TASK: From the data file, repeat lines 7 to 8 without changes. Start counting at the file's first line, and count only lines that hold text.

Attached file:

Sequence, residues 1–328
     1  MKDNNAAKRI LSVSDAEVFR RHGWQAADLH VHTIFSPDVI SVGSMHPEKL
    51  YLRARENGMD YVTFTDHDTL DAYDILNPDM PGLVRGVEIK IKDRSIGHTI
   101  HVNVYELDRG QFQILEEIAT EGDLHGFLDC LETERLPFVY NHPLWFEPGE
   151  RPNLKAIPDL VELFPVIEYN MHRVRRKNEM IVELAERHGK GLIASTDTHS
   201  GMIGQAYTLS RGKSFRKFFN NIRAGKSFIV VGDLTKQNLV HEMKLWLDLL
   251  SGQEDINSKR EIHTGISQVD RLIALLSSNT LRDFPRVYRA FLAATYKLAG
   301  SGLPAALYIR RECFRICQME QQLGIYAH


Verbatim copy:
   251  SGQEDINSKR EIHTGISQVD RLIALLSSNT LRDFPRVYRA FLAATYKLAG
   301  SGLPAALYIR RECFRICQME QQLGIYAH